Rockin’ on the Runway

By Karina Brown

There will be no hors d’oeuvres nor wine, no crowd of photographers and probably no celebrities.

The runway will be the stage and aisles of the Egyptian Theatre, 135 N. Second St., and instead of being sponsored by Yves Saint Laurent or Dolce & Gabbana, Deb and Duckies will provide the clothing. Even though this year’s Asian American Association fashion show looks different from the Paris or New York shows, it is expected to be just as entertaining.

To captivate its audience, the association relies primarily on dancing, live music, drama and a fun theme.

This year’s theme is popular movie sequels, such as “He’s All That” for formal wear or “10 More Things I Hate About You” for punk wear. Other clothing displayed will be urban, business, casual, cultural, sport, club and sleep wear.

Even though the performance will showcase the latest styles, fashion is not the show’s main focus.

“Our show is completely different from the runway,” said Richard Bernardo, a senior communication major and one of the show’s coordinators.

And the dancing is taken very seriously. Nikko Belano, a sophomore technical engineering major and a choreographer for the show, doesn’t even focus on the fashion.

“People come here to see different kinds of dancing and flavors — the clothes are an afterthought,” said Belano, who is in charge of punk wear. He described his dance as a “crazy ‘Oh, my God, what are you doing?’ dance.”

And “Oh, my God, what are you doing?” also is the phrase used by Mar Dionela, a sophomore marketing major and another coordinator, throughout preparation for the show.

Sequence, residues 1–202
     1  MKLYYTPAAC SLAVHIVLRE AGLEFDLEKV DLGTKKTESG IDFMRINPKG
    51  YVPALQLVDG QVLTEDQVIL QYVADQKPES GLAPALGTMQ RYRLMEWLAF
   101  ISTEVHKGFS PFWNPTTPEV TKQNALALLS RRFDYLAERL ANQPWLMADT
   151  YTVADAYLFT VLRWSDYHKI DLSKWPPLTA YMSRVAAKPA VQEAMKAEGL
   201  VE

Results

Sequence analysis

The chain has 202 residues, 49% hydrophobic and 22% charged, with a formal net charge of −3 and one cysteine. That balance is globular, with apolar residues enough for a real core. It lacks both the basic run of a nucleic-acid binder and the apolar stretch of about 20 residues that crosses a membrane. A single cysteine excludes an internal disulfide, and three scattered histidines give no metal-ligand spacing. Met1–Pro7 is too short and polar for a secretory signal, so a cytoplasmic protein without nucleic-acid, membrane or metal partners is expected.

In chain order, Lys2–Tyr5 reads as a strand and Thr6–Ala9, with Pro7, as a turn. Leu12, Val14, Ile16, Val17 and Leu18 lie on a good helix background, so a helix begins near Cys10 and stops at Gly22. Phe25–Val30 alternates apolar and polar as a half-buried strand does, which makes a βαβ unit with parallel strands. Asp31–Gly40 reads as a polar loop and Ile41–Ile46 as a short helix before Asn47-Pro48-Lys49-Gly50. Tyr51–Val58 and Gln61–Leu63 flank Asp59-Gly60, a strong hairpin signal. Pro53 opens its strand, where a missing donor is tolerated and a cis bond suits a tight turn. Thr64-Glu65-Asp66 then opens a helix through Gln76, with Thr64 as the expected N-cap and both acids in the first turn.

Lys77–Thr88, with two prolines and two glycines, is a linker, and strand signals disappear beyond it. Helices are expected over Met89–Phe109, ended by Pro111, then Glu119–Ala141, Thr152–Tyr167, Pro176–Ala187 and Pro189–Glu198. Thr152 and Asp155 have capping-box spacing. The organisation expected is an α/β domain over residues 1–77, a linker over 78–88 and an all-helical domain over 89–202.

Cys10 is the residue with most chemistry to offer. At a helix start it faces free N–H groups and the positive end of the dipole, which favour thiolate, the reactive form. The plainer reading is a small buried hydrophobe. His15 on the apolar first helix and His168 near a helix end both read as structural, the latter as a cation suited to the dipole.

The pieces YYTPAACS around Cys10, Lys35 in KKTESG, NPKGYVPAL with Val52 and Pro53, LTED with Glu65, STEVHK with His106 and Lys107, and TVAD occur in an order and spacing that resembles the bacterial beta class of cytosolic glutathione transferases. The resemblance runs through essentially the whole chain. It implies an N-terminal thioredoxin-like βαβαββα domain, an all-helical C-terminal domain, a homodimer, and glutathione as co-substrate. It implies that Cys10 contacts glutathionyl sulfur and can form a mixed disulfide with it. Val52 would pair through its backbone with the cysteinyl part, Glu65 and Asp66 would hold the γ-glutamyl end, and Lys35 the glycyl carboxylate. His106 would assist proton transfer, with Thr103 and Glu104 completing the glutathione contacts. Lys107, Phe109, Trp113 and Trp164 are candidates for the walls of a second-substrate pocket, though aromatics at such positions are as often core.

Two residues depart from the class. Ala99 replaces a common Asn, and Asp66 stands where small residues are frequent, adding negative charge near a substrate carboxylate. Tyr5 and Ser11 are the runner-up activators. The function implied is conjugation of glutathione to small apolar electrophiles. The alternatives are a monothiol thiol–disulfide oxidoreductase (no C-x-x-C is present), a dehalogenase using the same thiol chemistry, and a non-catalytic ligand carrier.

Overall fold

“When we’re actually practicing, it looks crazy, but the day of the performance we pull everything together and it’s amazing,” she said.

All 75 performers (who began practicing in February) barely fit in the lobby, concession area or the stage to practice. It’s easy to see why the word “crazy” is used frequently.

Shalom Mascarinas, a senior OMIS major and vice president of AAA, has concerns that go beyond worrying if everyone will get a seat (last year, people had to stand in the aisles).

“People are intimidated by the label we are trying to break that,” Mascarinas said.

Mascarinas said that because the show is put together by the Asian American Association, some people assume it’s only an “Asian thing.” Mascarinas said she hopes to bring unity and diversity to the show.

Confident the show will be a success, Marilen Magtibay, a freshman undecided liberal arts major, only has one concern: “I just hope I can dance in my dress.”